What are we going to do with all the old FRP boats?
Published 08:09 on 4 Mar 2020
Oceans accumulating plastic, and other illegally dumped waste, is not the only cause of marine pollution. Some old boats are dumped or deliberately sunk, with the excuse of creating artificial reefs: not only is this underwater detritus physically destructive to marine ecosystems (damaging coral or fragile sea bed vegetation), but as the vessels break down in the water, their plastic-based hulls release harmful micro-plastics into the sea.
Fibre-reinforced plastic (FRP) has been used in commercial boat production since the 1950s, with a life expectancy for these vessels of 30-50 years (although many older boats are still in service). So what are the options to responsibly recycle or dispose of Fibre-Reinforced Plastic boat hulls?
The United Nations commissioned a report into this increasingly pressing matter from research company AQASS Ltd., after the island of Tahiti was found to be inundated with dumped boats. This problem is not unique to the South Pacific; in 2012, a scheme was set up by the EU called Boat Digest, to create a network of boat-breaking yards across Europe. France, Spain and Holland all boast several such yards along their coastline, but the UK lags embarrassingly far behind, with just one scrap boat specialist in the country - Portsmouth-based Boatbreakers.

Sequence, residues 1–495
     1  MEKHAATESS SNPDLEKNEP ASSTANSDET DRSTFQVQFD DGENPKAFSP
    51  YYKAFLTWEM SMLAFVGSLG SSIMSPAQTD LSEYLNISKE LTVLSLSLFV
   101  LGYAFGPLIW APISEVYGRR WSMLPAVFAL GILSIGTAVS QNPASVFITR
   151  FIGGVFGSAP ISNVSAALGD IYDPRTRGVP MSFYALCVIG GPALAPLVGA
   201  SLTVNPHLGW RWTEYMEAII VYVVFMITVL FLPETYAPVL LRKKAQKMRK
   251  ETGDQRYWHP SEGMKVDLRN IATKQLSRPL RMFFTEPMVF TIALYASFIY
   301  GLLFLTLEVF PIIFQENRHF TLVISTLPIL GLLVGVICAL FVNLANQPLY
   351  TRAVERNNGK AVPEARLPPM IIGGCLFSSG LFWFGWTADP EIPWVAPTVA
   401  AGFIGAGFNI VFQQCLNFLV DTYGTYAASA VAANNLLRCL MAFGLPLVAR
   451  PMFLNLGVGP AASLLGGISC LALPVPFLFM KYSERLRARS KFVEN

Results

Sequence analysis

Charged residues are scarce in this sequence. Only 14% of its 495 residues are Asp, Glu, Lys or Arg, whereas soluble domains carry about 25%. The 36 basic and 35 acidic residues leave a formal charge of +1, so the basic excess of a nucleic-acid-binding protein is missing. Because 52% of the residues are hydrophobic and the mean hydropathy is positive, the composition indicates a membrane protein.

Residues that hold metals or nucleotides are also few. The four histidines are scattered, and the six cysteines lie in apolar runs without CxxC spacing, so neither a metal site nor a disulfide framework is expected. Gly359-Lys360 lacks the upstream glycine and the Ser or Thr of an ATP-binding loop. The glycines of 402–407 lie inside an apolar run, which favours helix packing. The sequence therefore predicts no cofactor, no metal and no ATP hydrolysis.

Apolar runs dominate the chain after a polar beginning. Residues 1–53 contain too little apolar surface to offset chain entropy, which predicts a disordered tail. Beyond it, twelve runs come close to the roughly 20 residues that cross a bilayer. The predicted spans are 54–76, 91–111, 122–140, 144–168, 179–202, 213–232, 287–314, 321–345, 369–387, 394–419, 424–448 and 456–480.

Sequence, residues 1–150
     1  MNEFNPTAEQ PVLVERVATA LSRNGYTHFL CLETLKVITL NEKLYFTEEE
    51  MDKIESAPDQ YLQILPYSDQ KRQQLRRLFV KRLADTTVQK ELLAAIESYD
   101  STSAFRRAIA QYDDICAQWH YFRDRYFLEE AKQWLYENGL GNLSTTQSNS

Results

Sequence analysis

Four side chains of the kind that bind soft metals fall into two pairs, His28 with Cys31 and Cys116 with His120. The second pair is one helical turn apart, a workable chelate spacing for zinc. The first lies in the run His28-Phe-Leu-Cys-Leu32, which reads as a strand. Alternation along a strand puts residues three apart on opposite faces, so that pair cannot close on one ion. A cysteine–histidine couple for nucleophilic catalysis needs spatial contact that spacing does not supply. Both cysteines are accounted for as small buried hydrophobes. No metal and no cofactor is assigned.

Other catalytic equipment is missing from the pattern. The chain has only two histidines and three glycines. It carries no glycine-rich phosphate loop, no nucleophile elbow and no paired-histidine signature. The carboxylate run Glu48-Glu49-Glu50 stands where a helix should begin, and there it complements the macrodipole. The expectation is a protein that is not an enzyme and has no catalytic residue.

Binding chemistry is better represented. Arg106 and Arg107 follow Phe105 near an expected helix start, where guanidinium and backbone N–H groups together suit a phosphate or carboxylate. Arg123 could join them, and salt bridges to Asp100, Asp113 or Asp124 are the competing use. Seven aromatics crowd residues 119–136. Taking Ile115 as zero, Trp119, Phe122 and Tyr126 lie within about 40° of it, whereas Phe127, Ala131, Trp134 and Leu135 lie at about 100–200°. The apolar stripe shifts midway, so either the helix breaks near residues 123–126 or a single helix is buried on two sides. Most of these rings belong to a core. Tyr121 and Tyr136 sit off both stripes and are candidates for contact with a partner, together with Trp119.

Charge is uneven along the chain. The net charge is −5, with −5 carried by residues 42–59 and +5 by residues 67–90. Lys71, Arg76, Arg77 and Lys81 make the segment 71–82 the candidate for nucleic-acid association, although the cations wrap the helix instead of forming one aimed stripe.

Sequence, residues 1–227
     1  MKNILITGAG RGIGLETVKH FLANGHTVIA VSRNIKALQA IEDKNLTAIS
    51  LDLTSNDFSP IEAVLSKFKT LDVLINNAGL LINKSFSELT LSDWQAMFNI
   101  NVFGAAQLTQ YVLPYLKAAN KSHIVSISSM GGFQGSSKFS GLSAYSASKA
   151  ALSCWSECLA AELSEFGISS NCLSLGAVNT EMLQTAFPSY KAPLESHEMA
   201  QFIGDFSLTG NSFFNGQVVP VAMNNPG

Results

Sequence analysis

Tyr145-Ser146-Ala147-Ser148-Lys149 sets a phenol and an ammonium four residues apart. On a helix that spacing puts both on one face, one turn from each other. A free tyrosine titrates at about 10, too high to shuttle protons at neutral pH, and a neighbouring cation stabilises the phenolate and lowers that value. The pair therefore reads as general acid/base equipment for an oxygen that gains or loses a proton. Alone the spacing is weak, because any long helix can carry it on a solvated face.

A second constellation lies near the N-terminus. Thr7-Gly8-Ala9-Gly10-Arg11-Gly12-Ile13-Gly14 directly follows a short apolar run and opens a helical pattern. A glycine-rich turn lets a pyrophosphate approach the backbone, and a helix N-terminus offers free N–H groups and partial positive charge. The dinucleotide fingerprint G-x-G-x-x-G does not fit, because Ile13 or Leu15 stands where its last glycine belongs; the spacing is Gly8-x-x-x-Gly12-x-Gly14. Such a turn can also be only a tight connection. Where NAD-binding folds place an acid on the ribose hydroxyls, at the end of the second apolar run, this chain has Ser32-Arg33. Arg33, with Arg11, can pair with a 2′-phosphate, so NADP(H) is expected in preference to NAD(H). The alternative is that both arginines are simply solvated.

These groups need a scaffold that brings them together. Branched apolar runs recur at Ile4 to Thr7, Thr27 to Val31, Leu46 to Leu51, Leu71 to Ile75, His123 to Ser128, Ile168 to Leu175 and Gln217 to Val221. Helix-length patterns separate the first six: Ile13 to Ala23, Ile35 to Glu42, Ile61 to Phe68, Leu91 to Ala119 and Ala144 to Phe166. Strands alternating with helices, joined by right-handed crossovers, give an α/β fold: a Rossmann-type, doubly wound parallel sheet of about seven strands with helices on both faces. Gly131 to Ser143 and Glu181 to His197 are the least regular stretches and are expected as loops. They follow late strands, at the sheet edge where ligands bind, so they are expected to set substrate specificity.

More recently, France is exploring the option of a levy on new builds - money which will be put aside to dispose of the boat, when it comes to the end of its nautical life. Germany has banned FRP hulls from entering landfill, and hopefully other countries will follow suit. Innovative Belgian company, Reprocover, has developed a unique recycling process that turns waste products of (composite) thermosetting plastics (eg. polyesters, Bakelite, epoxy, polyurethane) as well as fibreglass waste, into a new raw material - promoting a sustainable, circular economy model. Meanwhile in Norway, various companies are experimenting with grinding FRP down and using it to make flowerpots, benches and other sundries, reports boat recycling expert Luke Edney. FRP could also be burnt in incinerators as fuel, if there was a reliable enough input from scrapped boats.
Luke comments that, "All of the different ideas being worked on in other countries put what's being done in the UK to shame. We currently rely on the honesty of the last owner of the boat to stump up the cash to scrap the boat. Which, after being stripped, ends up in landfill. As a country and marine industry, we need to learn from our neighbours and start finding greener solutions."